MIAMI — The Seahawks don't belong solely to Seattle.
They belong to a region.
So that's the NFL team that Erik Spoelstra, a son of the Pacific Northwest, grew up following most closely while his father was an executive for the Portland Trail Blazers. And that's the NFL team that the Miami Heat coach visited this summer, during training camp, to expose himself to how Pete Carroll operates.
Spoelstra, a football junkie, sees similarities in strategy, preparation and ego management between the sports, and he's visited with Urban Meyer, Butch Jones and, most extensively, Chip Kelly, over the past couple of years to get their insights. Kelly, while at the University of Oregon, contributed to Spoelstra's switch to more of an open pace-and-space offensive philosophy, following the Heat's NBA Finals loss in 2011.
This time, Spoelstra stayed with the Seahawks from seven in the morning through late at night.
Carroll was ready for him.
"They have a basketball hoop set up in their team meetings, every single one of their meetings," Spoelstra said. "I just went into one of their group team meetings, and all of a sudden, I was writing notes down, Coach called me up and I ended up having to play P-I-G in front of the whole group."
Did he win?
"Yeah," Spoelstra said. "We didn't go with a football toss. We played a shooting game."
Carroll also gave Spoelstra a chance to speak to his players.
They've stayed in touch since. And Spoelstra, who has won the past two NBA championships, texted Carroll to offer his best wishes in the middle of last week.
"And I hesitated doing it, because during the playoffs I hadn't texted him, and I didn't want to jinx it," Spoelstra said. "Actually, I would have liked to have seen a more competitive game. I mean, you're sitting down for four hours, you'd like to see a more dramatic finish at the end."
Something close to what the Heat and San Antonio Spurs provided in last June's NBA Finals.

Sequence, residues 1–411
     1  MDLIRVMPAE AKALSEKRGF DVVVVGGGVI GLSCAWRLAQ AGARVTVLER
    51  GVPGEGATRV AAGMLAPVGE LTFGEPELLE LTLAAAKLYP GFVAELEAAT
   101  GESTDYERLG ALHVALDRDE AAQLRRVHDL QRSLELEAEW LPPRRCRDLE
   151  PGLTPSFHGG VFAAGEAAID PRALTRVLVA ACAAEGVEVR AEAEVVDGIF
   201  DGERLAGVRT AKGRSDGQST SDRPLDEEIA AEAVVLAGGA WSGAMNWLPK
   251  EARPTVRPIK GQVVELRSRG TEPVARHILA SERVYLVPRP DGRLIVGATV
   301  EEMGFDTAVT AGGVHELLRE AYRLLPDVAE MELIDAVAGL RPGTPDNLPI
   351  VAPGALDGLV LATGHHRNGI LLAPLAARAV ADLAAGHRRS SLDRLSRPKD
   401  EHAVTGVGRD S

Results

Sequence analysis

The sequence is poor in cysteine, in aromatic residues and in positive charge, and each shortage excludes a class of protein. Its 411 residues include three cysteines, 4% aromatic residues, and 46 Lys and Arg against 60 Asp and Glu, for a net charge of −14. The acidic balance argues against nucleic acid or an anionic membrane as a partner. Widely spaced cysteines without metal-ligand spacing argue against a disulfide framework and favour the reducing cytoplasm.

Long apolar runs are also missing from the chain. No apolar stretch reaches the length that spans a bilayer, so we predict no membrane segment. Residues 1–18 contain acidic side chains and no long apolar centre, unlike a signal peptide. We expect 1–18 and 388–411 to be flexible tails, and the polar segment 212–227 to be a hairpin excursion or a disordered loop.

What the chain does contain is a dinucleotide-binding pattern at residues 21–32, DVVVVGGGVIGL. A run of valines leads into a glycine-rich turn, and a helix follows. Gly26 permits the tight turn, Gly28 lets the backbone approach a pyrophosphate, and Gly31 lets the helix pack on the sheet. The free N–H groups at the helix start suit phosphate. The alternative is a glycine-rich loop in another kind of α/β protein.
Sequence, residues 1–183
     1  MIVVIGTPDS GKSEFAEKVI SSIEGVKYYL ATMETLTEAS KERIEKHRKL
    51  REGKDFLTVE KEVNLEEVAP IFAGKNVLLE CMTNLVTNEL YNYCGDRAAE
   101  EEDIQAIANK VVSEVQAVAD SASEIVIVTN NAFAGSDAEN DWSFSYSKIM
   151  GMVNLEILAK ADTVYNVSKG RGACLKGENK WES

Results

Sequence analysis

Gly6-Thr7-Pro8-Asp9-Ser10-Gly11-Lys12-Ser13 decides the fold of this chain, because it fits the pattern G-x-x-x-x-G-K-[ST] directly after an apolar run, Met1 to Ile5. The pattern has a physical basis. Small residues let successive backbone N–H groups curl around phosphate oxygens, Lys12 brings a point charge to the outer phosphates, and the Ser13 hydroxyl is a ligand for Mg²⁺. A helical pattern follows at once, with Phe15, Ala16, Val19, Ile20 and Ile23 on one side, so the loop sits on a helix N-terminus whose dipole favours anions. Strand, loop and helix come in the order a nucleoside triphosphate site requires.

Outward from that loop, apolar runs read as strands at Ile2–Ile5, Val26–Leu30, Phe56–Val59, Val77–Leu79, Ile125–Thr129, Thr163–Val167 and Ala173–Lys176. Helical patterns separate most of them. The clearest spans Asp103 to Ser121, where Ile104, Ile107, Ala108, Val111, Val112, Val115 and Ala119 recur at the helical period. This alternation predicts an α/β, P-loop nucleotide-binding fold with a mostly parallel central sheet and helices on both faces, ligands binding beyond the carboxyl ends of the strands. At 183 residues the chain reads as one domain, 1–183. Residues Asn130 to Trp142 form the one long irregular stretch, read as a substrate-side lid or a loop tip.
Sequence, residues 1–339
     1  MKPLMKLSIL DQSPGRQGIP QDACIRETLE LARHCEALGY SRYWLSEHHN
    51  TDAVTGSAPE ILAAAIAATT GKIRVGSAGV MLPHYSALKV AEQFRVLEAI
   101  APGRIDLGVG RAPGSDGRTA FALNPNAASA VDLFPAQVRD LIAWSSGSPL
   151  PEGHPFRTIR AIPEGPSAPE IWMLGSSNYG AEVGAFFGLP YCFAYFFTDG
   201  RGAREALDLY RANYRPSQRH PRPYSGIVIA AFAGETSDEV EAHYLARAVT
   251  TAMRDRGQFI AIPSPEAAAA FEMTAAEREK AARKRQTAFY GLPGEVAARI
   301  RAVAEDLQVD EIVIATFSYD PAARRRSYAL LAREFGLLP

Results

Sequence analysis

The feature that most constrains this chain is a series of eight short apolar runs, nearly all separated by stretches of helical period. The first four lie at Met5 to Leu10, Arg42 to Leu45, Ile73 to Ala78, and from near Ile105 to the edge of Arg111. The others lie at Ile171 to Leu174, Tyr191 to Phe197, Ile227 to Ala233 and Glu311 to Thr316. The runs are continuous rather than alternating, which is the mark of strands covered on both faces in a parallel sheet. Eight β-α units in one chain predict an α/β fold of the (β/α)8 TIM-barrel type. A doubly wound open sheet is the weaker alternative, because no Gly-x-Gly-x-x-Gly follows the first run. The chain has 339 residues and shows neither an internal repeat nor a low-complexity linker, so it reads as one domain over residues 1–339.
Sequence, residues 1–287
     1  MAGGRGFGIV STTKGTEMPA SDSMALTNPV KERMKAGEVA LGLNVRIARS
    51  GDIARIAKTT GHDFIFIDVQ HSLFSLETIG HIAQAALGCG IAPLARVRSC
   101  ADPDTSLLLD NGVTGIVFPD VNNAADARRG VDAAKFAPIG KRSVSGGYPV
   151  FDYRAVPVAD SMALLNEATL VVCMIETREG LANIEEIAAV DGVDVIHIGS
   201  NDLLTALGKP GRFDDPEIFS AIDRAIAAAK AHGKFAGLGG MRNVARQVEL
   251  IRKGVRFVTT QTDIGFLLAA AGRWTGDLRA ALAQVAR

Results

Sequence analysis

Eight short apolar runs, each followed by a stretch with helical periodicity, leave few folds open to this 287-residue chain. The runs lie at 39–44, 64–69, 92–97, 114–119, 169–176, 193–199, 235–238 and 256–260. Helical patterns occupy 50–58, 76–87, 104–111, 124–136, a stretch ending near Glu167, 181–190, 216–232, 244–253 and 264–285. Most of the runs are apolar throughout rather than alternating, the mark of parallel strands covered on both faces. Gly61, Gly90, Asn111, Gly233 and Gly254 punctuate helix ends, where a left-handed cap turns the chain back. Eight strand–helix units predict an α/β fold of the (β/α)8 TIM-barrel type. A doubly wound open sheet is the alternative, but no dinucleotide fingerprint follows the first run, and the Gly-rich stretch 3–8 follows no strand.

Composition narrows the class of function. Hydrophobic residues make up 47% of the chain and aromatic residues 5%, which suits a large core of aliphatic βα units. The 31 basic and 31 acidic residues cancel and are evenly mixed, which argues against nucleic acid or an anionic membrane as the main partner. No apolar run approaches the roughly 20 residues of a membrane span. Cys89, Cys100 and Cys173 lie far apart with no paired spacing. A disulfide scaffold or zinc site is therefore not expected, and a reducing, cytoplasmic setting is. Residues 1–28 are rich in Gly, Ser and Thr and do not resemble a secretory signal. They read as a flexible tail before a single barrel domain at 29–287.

"But yeah, I texted with him today, and congratulate that group," Spoelstra said. "It was an incredible experience for me. I went up there just to learn, and try to take something from them, something that maybe I could learn for myself as a coach, from someone who I think is really a unique football coach. His personality, the way he approaches the game, his mind, he's creative, his energy that he brings, for somebody of his age."
Carroll is 62.
Spoelstra is 43.
"When I saw him out there, at my age, I was like, 'OK, if he can bring that, I can bring more, in what I'm doing,'" Spoelstra said. "But then to see the professionalism, the speed, the quickness, the power of what you saw from that team. What we saw last night, I saw that in training camp. So my hat's off to him. It's not easy to win a championship in any sport, just to endure an entire season, and to finally be able to raise that up."
Spoelstra said Carroll had an open invite to visit with the Heat.
"I have another football coach in town tonight," Spoelstra said.
Well, it couldn't be Carroll, not with the Seahawks' party still in progress. And while Spoelstra wouldn't reveal which one, when Kelly was mentioned, he gave it away with a grin.